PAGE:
2. A high frequency dielectric heater for heating pop corn and the like comprising a funnelshaped member of relatively low power factor dielectric material mounted in an upright position with the larger end upward, said upper end being open, means'for supplying air under a predetermined pressure to the lower end of said member for producing an upwardly directed air current in said member having a velocity sufficient to raise the pop corn kernels from the lower portion of said member to a predetermined location of equilibrium defining a heating zone within said member where the reduced air velocity due to in creased cross-section of the funnel member is just sufiicient to suspend said kernels in said air current, tube means communicating with the lower portion of said member for feeding said kernels into said member, said kernels being drawn into said member by the vacuum created in said tube by the upward. air current and being blown upward by said air current to said heating zone, a heating chamber of electrically conductive material surrounding a. portion of said member including said heating zone, said chamber being provided with apertures in the top and bottom through which said member extends through said chamber, and means for producing within said chamber including the portion of said member surrounded thereby high frequency standing electromagnetic waves to heat said kernels and cause them to pop, said kernels being carried upward after popping by said air current and out of said upper end of said member.


REFERENCES CITED The following references are of record in the file of this patent:

UNITED STATES PATENTS Number Name Date Re. 21,653 Bigelow Dec. 10, 1940 1,888,372 Bramwell Nov. 22, 1932 1,972,050 Davis Aug. 28, 1934 2,054,441 Peebles Sept. 15, 1936 2,125,207 Suggs July 26, 1938 2,132,961 Morgan Oct. 11, 1938 2,364,526 Hansell Dec. 5, 1944 2,413,420 Stephanofi Dec. 31, 1946 2,473,539 Merriam June 21, 1949 2,480,679 Spencer Aug. 30, 1949 2,497,501 Himmel et al Feb. 14, 1950 2,500,752 Hanson et a1. Mar. 14, 1950 OTHER REFERENCES Engineering Abstracts, Product Engineering, January 1947, pages 137-140, particularly pages 138 and 139.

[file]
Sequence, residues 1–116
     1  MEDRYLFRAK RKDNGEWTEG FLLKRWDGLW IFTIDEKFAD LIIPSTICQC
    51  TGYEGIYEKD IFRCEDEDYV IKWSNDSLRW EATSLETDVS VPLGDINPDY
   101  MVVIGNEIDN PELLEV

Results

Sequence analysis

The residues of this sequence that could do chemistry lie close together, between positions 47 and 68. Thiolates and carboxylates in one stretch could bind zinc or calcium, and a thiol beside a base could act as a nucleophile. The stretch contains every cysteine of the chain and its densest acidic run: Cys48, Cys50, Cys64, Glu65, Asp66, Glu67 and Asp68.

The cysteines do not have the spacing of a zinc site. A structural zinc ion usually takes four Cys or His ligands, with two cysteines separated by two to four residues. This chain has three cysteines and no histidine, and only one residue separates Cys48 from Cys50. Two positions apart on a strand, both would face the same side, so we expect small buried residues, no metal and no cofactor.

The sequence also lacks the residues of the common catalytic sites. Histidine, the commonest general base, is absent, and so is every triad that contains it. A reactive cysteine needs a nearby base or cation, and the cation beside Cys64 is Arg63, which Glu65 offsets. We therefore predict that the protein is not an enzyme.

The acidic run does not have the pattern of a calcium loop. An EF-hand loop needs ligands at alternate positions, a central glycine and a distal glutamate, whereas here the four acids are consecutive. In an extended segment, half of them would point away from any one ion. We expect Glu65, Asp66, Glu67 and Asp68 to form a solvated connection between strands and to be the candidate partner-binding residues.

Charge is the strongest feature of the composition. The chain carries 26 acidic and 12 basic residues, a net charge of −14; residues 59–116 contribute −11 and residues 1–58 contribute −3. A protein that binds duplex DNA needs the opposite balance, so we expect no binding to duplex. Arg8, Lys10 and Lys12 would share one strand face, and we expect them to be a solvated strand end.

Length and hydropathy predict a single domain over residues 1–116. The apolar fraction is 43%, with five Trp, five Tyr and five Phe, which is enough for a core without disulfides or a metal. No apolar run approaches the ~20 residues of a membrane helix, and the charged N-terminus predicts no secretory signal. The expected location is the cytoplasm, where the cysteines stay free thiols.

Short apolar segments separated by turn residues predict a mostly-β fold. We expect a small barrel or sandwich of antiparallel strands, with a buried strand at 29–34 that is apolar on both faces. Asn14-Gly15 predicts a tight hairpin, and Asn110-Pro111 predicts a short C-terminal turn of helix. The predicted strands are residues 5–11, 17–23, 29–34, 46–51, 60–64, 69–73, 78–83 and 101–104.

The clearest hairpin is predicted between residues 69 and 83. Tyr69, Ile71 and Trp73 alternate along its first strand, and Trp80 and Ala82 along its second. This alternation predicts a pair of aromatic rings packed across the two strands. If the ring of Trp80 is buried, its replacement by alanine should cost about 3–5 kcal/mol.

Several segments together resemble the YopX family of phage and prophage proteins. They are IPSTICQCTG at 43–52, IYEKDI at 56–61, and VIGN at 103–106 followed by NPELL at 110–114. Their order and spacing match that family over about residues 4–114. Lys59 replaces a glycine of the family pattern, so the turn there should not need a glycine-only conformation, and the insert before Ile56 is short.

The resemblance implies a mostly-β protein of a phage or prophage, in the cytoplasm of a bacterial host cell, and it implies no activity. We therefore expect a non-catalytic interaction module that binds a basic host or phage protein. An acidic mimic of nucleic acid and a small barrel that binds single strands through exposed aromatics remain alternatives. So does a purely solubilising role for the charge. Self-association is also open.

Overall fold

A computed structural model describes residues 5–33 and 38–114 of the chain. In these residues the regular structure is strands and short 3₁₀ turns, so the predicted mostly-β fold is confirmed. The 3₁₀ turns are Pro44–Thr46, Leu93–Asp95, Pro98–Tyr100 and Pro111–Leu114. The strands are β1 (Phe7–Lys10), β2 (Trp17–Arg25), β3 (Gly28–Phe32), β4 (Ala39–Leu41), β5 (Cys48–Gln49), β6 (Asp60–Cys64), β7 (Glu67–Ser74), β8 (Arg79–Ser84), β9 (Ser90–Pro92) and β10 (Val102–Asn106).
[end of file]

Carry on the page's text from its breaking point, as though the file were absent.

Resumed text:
Patent Citations
Cited PatentFiling datePublication dateApplicantTitle
US1888372 *Feb 13, 1930Nov 22, 1932Birtley Iron Company LtdSeparation of dry materials
US1972050 *Aug 8, 1932Aug 28, 1934Jesse H DavisHigh frequency method of and apparatus for exterminating insect life in seed or grain or other materials
US2054441 *Jan 29, 1932Sep 15, 1936Western Condensing CoMethod and apparatus for drying liquid containing materials
US2125207 *Nov 9, 1936Jul 26, 1938Suggs Hilbert EVacuum peanut stoner
US2132961 *Sep 5, 1936Oct 11, 1938Jabez Burns & Sons IncCleaner for coffee and other grains
US2364526 *Jul 10, 1941Dec 5, 1944Rca CorpHigh frequency induction system
US2413420 *Feb 26, 1940Dec 31, 1946Thermo Plastics CorpMethod and apparatus for dispersing or drying fluent material in high velocity elastic fluid jets
US2473539 *Nov 2, 1944Jun 21, 1949Guardite CorpHigh-frequency drying
US2480679 *Mar 29, 1947Aug 30, 1949Raytheon Mfg CoPrepared food article and method of preparing
US2497501 *Apr 27, 1946Feb 14, 1950Ross M CarrellTreatment of coffee, etc.
US2500752 *Jun 1, 1946Mar 14, 1950Gen ElectricHigh-frequency dielectric heating in a resonant chamber
USRE21653 *Sep 7, 1935Dec 10, 1940 Device foe dry separation of pke-
Referenced by
Citing PatentFiling datePublication dateApplicantTitle